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I would like to know if there's a standard way to obtain the FIR coefficients for a sampling frequency $F'$ when the coefficients are for a sampling frequency $F$.

I would like to implement the filter described in ITU R BS.1770-3 (the oversampling FIR filter, page 18). The filter coefficients are given for a sampling frequency of 48 kHz.

What would be the way to derive the coefficients for another sampling frequency?

Edit december 28 2012

I wonder if there's a meaning in my request. The described filter is used on a 48 kHz sampling frequency audio signal that has been transformed into a 192 kHz sampling frequency signal by stuffing 3 zeros between each original sample. It is the second step of an oversampling method. The signal $[x_0, x_1, ..., x_n]$ is first transformed into $[x_0, 0,0,0, x_1, 0,0,0, ...,x_n,0,0,0]$. The filter I have mentioned is applied on this zero-stuffed signal.

If I understand correctly (which might not be the case), the cut-off frequency of this low pass filter can be expressed relative to the sampling frequency. Given this context, and the desired result which is a sort of evaluation of the reconstruction of the audio signal into the analog domain, wouldn't this relative to sampling frequency cut-off frequency be appropriate for any sampling frequency ?

Let's say the cut-off frequency of the filter is $\alpha \times F_s$ ($\alpha$ should be around 0.125 for a 22 kHz analog upper bandwith ?), wouln't this $\alpha$ value be the good one for others sampling frequencies ? If I have an original signal at 8 kHz sampling frequency, a four time oversample would lead to a 32 kHz sampling frequency, and I can suppose that the reconstructed analog signal would have an upper bandwith limit at approximately 4 kHz ?

End of Edit december 28 2012

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Hum ... coefs are real, if that is the question ... –  audionuma Dec 23 '12 at 20:26
    
If $F/F^\prime$ is a rational number $p/q$ with both $p$ and $q$ small, something might be do-able. For arbitrary value of $F/F^\prime$, forget it: just design a new filter instead of trying to derive it from the old. –  Dilip Sarwate Dec 24 '12 at 19:49
    
Resampling a filter is equivalent to resampling a signal, so this thread should be useful. dsp.stackexchange.com/questions/6226/… –  Jim Clay Dec 25 '12 at 2:25
    
Thanks for suggestions. The option of resampling the filter seems interesting. I'll have a look at it. –  audionuma Dec 27 '12 at 9:00

1 Answer 1

up vote 3 down vote accepted
+150

There is no direct way of converting filter coefficients between two sample rates while maintaining the exact transfer function (at least where it's properly defined). Re-sampling the impulse response can be done but will often result in extra latency, a longer filter, and some change in the frequency response.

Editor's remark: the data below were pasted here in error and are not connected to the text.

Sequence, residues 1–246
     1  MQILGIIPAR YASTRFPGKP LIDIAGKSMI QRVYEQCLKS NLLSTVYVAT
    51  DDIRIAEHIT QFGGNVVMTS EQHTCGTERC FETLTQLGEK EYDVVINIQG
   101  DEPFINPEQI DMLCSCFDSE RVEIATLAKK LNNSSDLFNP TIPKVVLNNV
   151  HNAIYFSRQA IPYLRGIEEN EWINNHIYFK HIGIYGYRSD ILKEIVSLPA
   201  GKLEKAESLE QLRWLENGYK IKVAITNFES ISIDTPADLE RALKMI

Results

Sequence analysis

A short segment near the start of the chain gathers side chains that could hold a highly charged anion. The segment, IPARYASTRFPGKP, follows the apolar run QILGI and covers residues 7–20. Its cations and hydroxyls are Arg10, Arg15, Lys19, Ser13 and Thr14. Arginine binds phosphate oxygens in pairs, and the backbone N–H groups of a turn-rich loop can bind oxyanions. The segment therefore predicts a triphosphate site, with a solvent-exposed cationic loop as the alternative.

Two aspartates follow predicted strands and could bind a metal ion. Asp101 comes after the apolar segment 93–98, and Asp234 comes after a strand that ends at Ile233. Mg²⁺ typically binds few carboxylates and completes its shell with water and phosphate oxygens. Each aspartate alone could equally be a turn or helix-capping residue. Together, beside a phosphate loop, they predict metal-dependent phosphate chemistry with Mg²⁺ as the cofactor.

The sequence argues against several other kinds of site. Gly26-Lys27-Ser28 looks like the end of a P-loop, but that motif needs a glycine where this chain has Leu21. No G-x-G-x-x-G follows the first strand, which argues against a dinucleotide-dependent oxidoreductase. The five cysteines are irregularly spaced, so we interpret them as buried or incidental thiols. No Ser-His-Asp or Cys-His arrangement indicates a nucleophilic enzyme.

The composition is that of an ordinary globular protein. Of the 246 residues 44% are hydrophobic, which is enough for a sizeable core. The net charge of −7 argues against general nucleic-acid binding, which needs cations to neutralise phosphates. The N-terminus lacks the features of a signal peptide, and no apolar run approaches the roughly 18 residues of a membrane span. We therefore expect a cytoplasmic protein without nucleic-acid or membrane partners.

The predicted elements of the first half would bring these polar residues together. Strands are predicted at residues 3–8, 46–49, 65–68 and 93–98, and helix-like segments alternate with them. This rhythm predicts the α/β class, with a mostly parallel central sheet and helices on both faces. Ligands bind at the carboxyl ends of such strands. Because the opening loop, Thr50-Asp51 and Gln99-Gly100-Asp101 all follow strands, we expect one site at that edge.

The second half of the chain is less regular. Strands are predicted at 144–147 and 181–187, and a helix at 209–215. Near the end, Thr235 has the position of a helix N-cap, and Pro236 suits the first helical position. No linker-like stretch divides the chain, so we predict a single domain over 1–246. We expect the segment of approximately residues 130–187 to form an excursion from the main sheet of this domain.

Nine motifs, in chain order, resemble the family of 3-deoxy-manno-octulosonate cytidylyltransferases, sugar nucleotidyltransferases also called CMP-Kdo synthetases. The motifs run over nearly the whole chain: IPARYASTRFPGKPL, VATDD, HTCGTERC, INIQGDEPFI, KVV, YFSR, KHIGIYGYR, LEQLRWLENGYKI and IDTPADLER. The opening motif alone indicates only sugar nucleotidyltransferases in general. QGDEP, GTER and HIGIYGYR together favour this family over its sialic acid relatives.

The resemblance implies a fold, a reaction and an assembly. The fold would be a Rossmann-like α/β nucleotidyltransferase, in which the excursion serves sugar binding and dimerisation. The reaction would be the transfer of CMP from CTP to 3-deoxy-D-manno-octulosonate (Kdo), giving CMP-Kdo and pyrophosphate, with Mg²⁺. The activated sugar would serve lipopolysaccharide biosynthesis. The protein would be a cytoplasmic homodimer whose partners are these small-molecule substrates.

In this case, however, you can derive the original filter specification from the filter coefficients and than re-design the filter using the same specification at a different sample rate. By visual inspection we can find that the ITU filter is an equiripple filter with

  • pass band edge: 20 kHz
  • stop band edge: 28 kHz
  • pass band ripple: 0.1dB
  • stop band attenuation: 40 dB

Let's say you want that filter at 4*44.1kHz instead of 4*48kHz. In Matlab you would do the following:

%% match the filter at 44.1 kHz
fs = 4*44100;
d = fdesign.lowpass('Fp,Fst,Ap,Ast',20000,28000,0.1,40,fs);
hd = design(d,'equiripple');
% convert to polyphase
h4 = 4*reshape(hd.Numerator',4,12)';

and the coefficients would be

    0.0057292     0.001552   -0.0015723   -0.0049864
   -0.0056096   -0.0017098    0.0050592    0.0099256
    0.0080942   -0.0011323    -0.012505    -0.017267
   -0.0093558    0.0088501     0.025828     0.027239
    0.0063161    -0.028386    -0.054115    -0.045155
     0.011432      0.10497      0.20287      0.26531
      0.26531      0.20287      0.10497     0.011432
    -0.045155    -0.054115    -0.028386    0.0063161
     0.027239     0.025828    0.0088501   -0.0093558
    -0.017267    -0.012505   -0.0011323    0.0080942
    0.0099256    0.0050592   -0.0017098   -0.0056096
   -0.0049864   -0.0015723     0.001552    0.0057292

However, there are a bunch of potential problems:

  1. In this case we simply lucked out that the number of coefficients for the new sample rate was 48 as well. In other cases you may have to adjust the stop band frequency to dial in the desired number of coefficients.
  2. This particular filter specification has been derived from the original sample rate, i.e. pass band and stop band are symmetrically spaced around the Nyquist frequency of 24 kHz. That is intentional. If your sample rate is different, you need to understand WHY it is different and whether the original specification is still appropriate. In the case of 44.1 kHz you may consider placing pass and stop band symmetrically around 22.050 kHz and maybe also consider lowering the pass band and/or increasing the number of coefficients.
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Thanks Hilmar. Your explaination is very clear and qualifies as the answer to me. –  audionuma Dec 28 '12 at 21:43

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